Ferrari decision revealed: WMSC ignores recommendations, Todt says: “Not enough evidence”

The reasoning of the World Motor Sport Council letting Ferrari off with charges of team orders has been explained today, and it’s not a pretty sight. The WMSC ignored a reccomendation from the Reporter (investigator) to penalise Fernando Alonso, while Jean Todt claimed there was “not enough evidence”.

Lars Osterlind, one of the top names of the FIA since Max Mosley took over years ago, and tipped for Presidency in the future (currently Vice-President), was appointed as the Reporter for this case. Put simply, he was in charge of investigating every single aspect of the team orders case, and he showed the WMSC some truly damning evidence to incriminate Ferrari.

For example, he found out that both drivers, before the team order, were instructed to turn their engines down, presumably to save fuel or the engine. However, Lars found that Alonso soon turned up the revs on his car “without Mr. Massa being informed. Mr Fernando Alonso was therefore benefiting from a definite performance advantage over Mr Felipe Massa in the moments preceding the contentious overtaking.”

He then went on to explain why the ethics of sport were broken:

“Motor racing ought to be unpredictable, as it has been to
date. Part of that competitive element is to take equal
interest in all competitors. Irrespective of their fitness,
talent or position in the race, competitors should be able
to rely on themselves for purposes of winning the race
without any form of external aid influencing their sporting
performance.”

He presented his full findings in a 160-page document, and gave it to the World Motor Sport Council. The FIA acknowledged that Ferrari had interfered with the race, but refused to increase the penalty, stating:

"There were many examples of what could have been said to be 
team orders in Formula 1 in recent years, and therefore there 
has been inconsistency in its application.

Also its application to indirect team orders via messages 
where drivers raise no complaints is uncertain and difficult 
to detect and police."

They even admitted that rules 39.1 (no team orders) and 151.c (bringing the sport into disrepute) were broken, but still found no reason to full prove that Ferrari’s messages directly interfered with he race, rather Felipe Massa made a “decision based on the evidence presented” to him by the team.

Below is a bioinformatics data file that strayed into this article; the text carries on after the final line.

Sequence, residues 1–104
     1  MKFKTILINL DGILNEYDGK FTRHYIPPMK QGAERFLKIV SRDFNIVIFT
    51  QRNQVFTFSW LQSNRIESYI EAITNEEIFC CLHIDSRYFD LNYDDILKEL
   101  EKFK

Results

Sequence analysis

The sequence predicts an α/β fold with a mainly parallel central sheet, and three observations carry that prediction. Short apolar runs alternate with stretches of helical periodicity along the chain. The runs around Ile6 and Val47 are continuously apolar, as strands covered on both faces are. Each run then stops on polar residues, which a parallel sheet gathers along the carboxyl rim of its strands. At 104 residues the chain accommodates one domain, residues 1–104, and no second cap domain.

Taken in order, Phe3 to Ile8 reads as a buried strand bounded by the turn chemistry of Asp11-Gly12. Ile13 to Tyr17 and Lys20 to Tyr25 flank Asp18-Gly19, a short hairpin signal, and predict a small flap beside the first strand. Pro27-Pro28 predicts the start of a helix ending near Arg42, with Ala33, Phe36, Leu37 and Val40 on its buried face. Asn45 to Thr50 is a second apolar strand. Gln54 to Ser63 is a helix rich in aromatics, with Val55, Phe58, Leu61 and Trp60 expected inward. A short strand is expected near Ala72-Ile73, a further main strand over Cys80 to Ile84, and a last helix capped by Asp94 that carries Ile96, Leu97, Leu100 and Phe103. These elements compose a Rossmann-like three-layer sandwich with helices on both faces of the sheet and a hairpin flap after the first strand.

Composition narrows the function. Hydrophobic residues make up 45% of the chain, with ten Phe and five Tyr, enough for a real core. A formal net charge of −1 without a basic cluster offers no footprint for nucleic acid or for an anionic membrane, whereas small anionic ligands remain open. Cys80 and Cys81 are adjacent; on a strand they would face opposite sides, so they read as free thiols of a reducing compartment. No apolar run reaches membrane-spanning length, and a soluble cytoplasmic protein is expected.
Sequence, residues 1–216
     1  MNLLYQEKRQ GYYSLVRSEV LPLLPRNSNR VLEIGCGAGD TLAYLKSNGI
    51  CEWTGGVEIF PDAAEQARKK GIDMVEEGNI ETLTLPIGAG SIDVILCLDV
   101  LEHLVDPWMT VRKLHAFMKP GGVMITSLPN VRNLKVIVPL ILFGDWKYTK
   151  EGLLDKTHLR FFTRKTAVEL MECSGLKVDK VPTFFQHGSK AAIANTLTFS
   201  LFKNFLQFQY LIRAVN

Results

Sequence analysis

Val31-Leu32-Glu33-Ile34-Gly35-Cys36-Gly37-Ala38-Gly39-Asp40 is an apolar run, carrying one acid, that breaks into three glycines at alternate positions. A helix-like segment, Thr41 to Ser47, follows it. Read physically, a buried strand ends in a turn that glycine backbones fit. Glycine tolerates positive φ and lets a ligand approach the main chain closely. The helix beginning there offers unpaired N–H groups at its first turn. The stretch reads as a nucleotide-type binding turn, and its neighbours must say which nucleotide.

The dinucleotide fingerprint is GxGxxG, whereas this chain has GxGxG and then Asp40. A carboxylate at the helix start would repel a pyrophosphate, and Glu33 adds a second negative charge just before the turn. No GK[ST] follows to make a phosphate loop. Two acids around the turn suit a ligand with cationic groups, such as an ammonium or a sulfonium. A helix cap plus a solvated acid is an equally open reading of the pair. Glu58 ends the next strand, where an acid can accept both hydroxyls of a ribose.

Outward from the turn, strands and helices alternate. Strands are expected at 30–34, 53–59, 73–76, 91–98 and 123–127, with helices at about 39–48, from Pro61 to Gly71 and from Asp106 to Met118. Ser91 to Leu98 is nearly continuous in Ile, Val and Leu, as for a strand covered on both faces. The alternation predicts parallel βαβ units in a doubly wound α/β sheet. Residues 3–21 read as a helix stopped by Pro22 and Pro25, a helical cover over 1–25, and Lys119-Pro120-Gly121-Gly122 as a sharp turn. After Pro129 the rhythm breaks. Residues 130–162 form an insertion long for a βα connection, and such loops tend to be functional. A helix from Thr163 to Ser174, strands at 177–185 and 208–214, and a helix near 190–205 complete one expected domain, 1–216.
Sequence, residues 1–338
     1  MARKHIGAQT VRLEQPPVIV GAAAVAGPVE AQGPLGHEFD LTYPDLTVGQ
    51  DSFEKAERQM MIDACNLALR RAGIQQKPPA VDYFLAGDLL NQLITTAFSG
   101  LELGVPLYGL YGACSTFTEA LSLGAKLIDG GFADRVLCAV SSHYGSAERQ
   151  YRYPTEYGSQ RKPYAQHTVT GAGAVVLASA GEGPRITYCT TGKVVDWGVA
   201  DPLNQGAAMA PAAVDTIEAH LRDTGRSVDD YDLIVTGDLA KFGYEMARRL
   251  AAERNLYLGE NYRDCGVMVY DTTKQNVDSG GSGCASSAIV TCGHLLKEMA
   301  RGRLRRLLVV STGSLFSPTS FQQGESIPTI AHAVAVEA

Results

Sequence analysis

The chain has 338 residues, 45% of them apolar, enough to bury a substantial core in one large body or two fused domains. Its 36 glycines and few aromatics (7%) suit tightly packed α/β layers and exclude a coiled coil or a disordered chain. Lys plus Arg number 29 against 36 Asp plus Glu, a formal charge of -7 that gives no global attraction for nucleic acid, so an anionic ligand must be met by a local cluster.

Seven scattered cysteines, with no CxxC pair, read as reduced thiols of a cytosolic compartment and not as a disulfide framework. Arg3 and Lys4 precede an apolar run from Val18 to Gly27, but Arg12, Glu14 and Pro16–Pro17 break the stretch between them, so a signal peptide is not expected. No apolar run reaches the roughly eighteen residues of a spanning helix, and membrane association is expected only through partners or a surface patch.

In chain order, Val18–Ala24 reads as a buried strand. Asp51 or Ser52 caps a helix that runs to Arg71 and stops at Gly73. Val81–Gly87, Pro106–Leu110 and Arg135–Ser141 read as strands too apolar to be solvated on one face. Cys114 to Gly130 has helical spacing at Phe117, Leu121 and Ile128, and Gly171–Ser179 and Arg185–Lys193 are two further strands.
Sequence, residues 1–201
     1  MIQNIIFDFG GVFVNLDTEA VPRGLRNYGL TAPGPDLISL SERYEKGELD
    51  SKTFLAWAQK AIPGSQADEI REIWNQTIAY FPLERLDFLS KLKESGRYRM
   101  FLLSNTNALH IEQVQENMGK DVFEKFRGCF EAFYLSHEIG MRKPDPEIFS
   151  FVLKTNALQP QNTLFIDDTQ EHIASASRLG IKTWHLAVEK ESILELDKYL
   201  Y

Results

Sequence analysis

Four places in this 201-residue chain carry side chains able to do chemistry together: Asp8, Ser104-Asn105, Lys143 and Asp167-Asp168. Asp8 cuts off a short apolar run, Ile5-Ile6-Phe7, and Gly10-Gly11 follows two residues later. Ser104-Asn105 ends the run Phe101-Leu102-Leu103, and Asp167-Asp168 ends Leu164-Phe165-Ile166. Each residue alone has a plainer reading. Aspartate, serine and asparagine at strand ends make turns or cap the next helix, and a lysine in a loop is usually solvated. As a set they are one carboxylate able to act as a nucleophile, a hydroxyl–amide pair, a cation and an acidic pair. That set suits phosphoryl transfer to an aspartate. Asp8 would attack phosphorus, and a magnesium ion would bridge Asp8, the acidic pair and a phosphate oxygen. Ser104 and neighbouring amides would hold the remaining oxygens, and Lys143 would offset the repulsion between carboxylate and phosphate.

Ferrari claimed that “team orders were different from team strategy”, meaning that there would be a difference between a “supply of information or a request for what a team would like a driver to do” and direct orders.

The WMSC also noted that they had received letters of support for Ferrari from Frank Williams and Peter Sauber, heads of the Williams and Sauber teams.

Meanwhile, FIA president Jean Todt claimed that there was “not enough evidence” to fully prove Ferrari’s guilt. Seeing as he was in charge of Ferrari during the biggest team order scandals in F1, why are we not surprised?

Really, this is a scandalous day for Formula 1. This completely undermines the team orders ban, and will almost certainly destroy the championship battle in terms of team-mates racing each other. Ferrari, the FIA, and the WMSC should hang their heads in shame.

No further punishment for Ferrari after team orders

The World Motor Sport Council have decided that Ferrari will escape any further punishment for their team orders in Germany this year. They also announced that the $100,000 fine imposed by the FIA will continue to be upheld.

However, no reason has yet been disclosed for their decision to let them off. A statement will be added here when it is made.

All I can say is that this is absolutely disgraceful. Even if the WMSC couldn’t prosecute them under the rule banning team orders, they could just have easily used rule 151c (bringing the sport into disrepute) to serve justice.

Put simply, the WMSC have just shown themselves as being spineless cowards. It’s not as if the fans were looking for Ferrari to be thrown out altogether, maybe a larger fine and suspended ban would have done fine. A $100,000 is nothing compared to the damage Ferrari have done to the sport in recent weeks.

More on this soon.

Update: Ferrari do have to pay the FIA’s legal costs, but this surely isn’t much. Also, the Sporting Working Group are to look into whether the team orders ban should stay or not. Ferrari have released a short statement:

“Ferrari has taken note of the decision of the FIA World Council, relating to the outcome of this year’s German Grand Prix and wishes to express its appreciation of the Council’s proposal to review article 39.1 of the Formula 1 sporting regulations, in light of what emerged during today’s discussions.

Now, all the team’s efforts will be focussed on the next event on track, when the Italian Grand Prix takes place at Monza this weekend.”

Ferrari fined $100,000 and WMSC to investigate further

Ferrari have been fined $100,000 after they broke the Sporting Regulations of Formula 1 twice, regarding the team order to Felipe Massa to allow Fernando Alonso through, during the German Grand Prix. Also, the World Motor Sport Council have been referred to, meaning that they will investigate this matter further.